Date: July 10th, 2020
By: Ella Dorval Hall
SisterSong defines Reproductive Justice as “the human right to maintain personal bodily autonomy, have children, not have children, and parent the children we have in safe and sustainable communities.”
The term Reproductive Justice was coined in 1994 when a group of Black women called the Women of African Descent for Reproductive Justice met on the matter of the individual choice to plan your own family, and “recognized that the women’s rights movement, led by and representing middle class and wealthy white women, could not defend the needs of women of color and other marginalized women and trans* people” (SisterSong).
On June 5th, amidst our current civil uprising, leaders of the Reproductive Justice movement and Movement for Black Lives brought hundreds of people together for “Defending Black Bodies: A Reproductive Justice Townhall” that I was grateful to listen in on.
At the end, Monica Rae Simpson of Sister Song asked us to reflect on the question “What am I willing to do differently to support Black lives?” and to post our answer to social media.
I share my personal response in the hopes of responding to these leaders’ call “for reproductive health, rights, and justice activists to get in formation” because “there can be no Reproductive Justice when Black womxn are criminalized, Black trans and non-binary people are marginalized, and Black parents cannot see their children grow in peace.”
What am I willing to do differently to support Black lives?
- I am willing to redistribute my wealth by giving at least 5% of my income for the next three years to Black-led organizations fighting to defund police, end violence against Black lives, and prioritize the investment in Black communities.
- I am willing to talk with my family about how white supremacy and class privilege have benefited me and that the harm and killing of Black people has been an inherent tool to uphold these systems.
- I am willing to recognize and name the ways I embody anti-blackness and work to uproot these patterns.
- I am willing to refrain from calling the police, particularly when Black folks are involved, because it is a weapon of whiteness that I am no longer willing to use.
- I am willing to listen to the Black people leading this movement and center their demands in my actions. Not just right now, but I am committing to this redistribution of power and wealth and anti-racism work for my lifetime.
- I am willing to use my voice in the institutions (work, friends, school, sports, etc.) I am part of to name white supremacy and demand that we hold ourselves accountable for making changes that dismantle the systems that keep us white folks at the top.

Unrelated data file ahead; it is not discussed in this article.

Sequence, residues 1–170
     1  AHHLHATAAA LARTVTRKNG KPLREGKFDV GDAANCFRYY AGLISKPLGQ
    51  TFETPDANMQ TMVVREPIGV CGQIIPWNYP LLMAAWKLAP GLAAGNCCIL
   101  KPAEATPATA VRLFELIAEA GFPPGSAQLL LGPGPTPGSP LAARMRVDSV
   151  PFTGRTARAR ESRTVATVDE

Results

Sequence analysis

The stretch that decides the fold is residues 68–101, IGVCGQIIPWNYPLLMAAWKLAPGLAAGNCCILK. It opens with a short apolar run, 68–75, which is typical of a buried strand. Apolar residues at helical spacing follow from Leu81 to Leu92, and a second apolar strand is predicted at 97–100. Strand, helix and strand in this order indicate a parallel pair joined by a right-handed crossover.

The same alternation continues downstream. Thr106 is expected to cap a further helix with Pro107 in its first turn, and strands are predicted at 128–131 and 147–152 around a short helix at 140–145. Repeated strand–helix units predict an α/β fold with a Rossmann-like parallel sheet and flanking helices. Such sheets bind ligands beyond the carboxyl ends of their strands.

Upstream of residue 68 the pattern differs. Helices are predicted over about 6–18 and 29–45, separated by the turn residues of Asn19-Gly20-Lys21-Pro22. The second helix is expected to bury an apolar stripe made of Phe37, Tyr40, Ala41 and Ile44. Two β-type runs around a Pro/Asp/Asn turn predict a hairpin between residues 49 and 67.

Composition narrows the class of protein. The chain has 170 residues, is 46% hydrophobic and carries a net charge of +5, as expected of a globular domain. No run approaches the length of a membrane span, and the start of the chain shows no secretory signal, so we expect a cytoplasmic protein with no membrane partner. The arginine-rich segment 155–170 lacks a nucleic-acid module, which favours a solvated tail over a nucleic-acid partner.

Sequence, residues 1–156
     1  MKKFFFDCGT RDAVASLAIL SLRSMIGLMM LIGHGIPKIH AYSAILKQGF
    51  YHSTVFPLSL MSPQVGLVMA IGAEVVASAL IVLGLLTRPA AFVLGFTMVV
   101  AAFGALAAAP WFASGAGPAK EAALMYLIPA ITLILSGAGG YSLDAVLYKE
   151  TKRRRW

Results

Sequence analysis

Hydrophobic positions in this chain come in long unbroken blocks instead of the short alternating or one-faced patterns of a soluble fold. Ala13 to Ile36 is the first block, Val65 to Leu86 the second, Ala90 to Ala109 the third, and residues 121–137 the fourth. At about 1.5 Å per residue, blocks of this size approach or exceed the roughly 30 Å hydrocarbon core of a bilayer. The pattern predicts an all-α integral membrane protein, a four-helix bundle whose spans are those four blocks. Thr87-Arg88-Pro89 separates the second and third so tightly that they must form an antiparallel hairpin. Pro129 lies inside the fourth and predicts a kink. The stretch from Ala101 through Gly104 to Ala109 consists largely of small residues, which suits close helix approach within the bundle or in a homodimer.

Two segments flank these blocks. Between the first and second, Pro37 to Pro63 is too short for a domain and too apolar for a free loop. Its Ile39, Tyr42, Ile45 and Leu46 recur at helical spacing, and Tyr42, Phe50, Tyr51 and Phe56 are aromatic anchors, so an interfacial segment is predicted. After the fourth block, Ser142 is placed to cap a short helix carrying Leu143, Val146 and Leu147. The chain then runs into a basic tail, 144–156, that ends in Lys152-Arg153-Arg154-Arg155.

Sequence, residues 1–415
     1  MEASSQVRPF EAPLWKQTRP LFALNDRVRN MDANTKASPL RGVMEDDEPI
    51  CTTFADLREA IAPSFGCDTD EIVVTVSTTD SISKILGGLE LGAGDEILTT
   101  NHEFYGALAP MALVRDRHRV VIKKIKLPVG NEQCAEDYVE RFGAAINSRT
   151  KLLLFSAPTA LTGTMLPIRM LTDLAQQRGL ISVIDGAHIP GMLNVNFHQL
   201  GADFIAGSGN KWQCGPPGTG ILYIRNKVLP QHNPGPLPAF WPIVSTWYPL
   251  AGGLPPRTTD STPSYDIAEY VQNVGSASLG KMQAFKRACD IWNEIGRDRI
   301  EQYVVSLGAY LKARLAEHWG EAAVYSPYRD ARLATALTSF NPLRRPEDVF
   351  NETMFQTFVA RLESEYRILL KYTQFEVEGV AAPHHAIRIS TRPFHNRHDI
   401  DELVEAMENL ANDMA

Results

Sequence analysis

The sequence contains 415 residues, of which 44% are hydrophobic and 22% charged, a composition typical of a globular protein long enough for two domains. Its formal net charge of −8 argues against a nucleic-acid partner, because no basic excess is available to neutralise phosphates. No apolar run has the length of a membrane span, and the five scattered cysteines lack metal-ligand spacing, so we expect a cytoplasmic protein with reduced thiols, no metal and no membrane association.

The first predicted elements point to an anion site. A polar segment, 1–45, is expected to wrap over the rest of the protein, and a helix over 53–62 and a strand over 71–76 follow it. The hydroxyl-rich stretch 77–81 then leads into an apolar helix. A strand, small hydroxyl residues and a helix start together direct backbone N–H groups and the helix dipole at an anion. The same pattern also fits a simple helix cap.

I write these actions as a white, cis, heterosexual woman with access to wealth, knowing that the Reproductive Justice movement, Movement for Black Lives, and Black femme leaders are calling for specific actions from me.
And I also know that doing this work, this big, challenging, beautiful, and lifelong work, is also making me freer. Freer from the ills of white supremacy—the perfectionism, defensiveness, objectivity, and paternalism—that so often pervade and harm my own mind.
I know little, I have far more to learn, and I am often falling short, or trying to bring perfectionism and other qualities of white supremacy to this work.
So, I am asking myself about accountability—who I am accountable to (if anyone)—and thinking about how to build structures in my life that hold me, and other white people, accountable for harm and anti-racism work.
I want to express deep gratitude to all of the speakers at “Defending Black Bodies: A Reproductive Justice Townhall,“ to Monica Rae Simpson, to the Women of African Descent for Reproductive Justice, and to all of the Black trans and femme people who have historically fought for Reproductive Justice.
Here are some organizations, people, and resources that have and continue to be helpful for me, in case others may be interested:
- Showing up for Racial Justice (SURJ)
- Resource Generation
- Charlene Carruthers
- Marc Lamont Hill
- adrienne maree brown
- Sonya Renee Taylor, founder of The Body Is Not An Apology
- Erika Hart
- Me and White Supremacy by Layla Saad
- Fearing the Black Body: The Racial Origins of Fatphobia by Sabrina Strings
About the Author
Ella Dorval Hall graduated from Saint Michael’s College in 2018 with a degree in environmental studies. Her work in the field of sex education stems from her senior thesis on Ecofeminism that uncovered some systemic forces that perpetuate environmental, gender, and public health injustices. Since then, she has researched human sexuality and worked in academic settings with young adults to foster health, well-being, and skills to succeed academically. Ella is excited to be working with Healthy Teen Network because of the social-ecological model we use to approach youth’s sexual health and the innovation we utilize to achieve this. Ella believes that all young adults should have access to resources and information necessary to make healthy decisions, and is excited to be working with an organization providing this across the nation.